15. 15. Water’s Changes of State Diagram <ul><li>Red arrows = absorption of latent heat </li></ul><ul><li>Blue arrows = release of latent heat </li></ul>
  16. 16. Humidity <ul><li>Water vapor in the air </li></ul><ul><li>Saturation occurs when air holds all the water vapor that it is able to hold (at a particular temperature and pressure) </li></ul><ul><li>Saturated warm air holds more water than cool saturated air </li></ul>
  17. 17. Relative Humidity <ul><li>A ratio of the air’s water vapor content compared to the amount it could possibly hold </li></ul><ul><li>Expressed as a percent </li></ul><ul><li>100% is saturated air </li></ul>
  18. 18. Changes in Relative Humidity <ul><li>When the amount of water vapor in the air is constant: </li></ul><ul><ul><li>Lowering temperature increases relative humidity </li></ul></ul><ul><ul><li>Raising temperature decreases relative humidity </li></ul></ul>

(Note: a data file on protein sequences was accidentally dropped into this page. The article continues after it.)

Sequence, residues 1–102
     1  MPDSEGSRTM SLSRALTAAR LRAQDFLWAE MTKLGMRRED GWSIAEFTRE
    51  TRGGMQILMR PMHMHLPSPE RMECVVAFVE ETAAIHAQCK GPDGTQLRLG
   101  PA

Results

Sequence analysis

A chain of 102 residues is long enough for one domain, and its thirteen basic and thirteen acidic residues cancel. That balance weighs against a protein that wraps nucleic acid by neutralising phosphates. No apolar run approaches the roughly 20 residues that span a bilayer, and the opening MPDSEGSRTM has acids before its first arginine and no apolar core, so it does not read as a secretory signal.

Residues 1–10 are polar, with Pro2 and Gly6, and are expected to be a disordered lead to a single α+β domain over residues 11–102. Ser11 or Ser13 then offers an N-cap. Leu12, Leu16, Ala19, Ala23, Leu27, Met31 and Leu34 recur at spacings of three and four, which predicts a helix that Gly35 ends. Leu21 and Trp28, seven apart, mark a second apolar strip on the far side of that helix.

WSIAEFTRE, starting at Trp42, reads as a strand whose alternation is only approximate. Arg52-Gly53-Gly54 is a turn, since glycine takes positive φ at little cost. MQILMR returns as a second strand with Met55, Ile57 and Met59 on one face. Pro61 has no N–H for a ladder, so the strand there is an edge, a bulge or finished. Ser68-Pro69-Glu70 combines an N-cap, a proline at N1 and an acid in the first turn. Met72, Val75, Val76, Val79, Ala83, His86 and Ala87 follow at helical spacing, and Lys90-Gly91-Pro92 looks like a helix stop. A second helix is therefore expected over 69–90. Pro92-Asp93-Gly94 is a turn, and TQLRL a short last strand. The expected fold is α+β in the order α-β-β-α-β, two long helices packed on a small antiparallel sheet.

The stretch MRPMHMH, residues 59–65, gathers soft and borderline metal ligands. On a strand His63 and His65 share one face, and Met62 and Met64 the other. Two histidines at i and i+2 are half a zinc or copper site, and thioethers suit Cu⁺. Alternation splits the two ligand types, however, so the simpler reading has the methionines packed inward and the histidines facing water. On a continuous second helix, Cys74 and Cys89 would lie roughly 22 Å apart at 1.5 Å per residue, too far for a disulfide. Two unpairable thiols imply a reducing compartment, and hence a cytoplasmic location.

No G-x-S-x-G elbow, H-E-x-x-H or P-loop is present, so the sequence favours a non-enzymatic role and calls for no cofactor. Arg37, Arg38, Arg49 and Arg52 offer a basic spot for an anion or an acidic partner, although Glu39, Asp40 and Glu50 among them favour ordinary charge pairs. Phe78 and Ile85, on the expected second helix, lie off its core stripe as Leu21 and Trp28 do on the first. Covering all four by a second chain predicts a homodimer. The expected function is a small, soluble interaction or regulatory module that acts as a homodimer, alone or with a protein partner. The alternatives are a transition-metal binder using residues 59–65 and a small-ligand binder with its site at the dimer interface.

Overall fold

19. 19. Relative Humidity Example <ul><li>Amount air can possibly hold </li></ul><ul><li>Assume no water is taken or added from the parcel of air </li></ul><ul><li>Relative humidity increases just by lowering temperature </li></ul>Relative humidity = 7g/7g = 100% Relative Humidity = 7g/14g = 50% Actual water vapor = 7g Actual water vapor = 7g Saturation = 7g water vapor Saturation = 14g water vapor Temperature = 10 ° C Temperature = 20 ° C
  20. 20. Dew Point <ul><li>A measure of humidity </li></ul><ul><li>Dew point is the temperature at which a quantity of air becomes saturated </li></ul><ul><li>Below dew point, the air’s excess water vapor condenses as dew, fog, or clouds </li></ul><ul><li>High dew points indicate moist air, low dew points indicate dry air (warm air holds more moisture, etc.) </li></ul>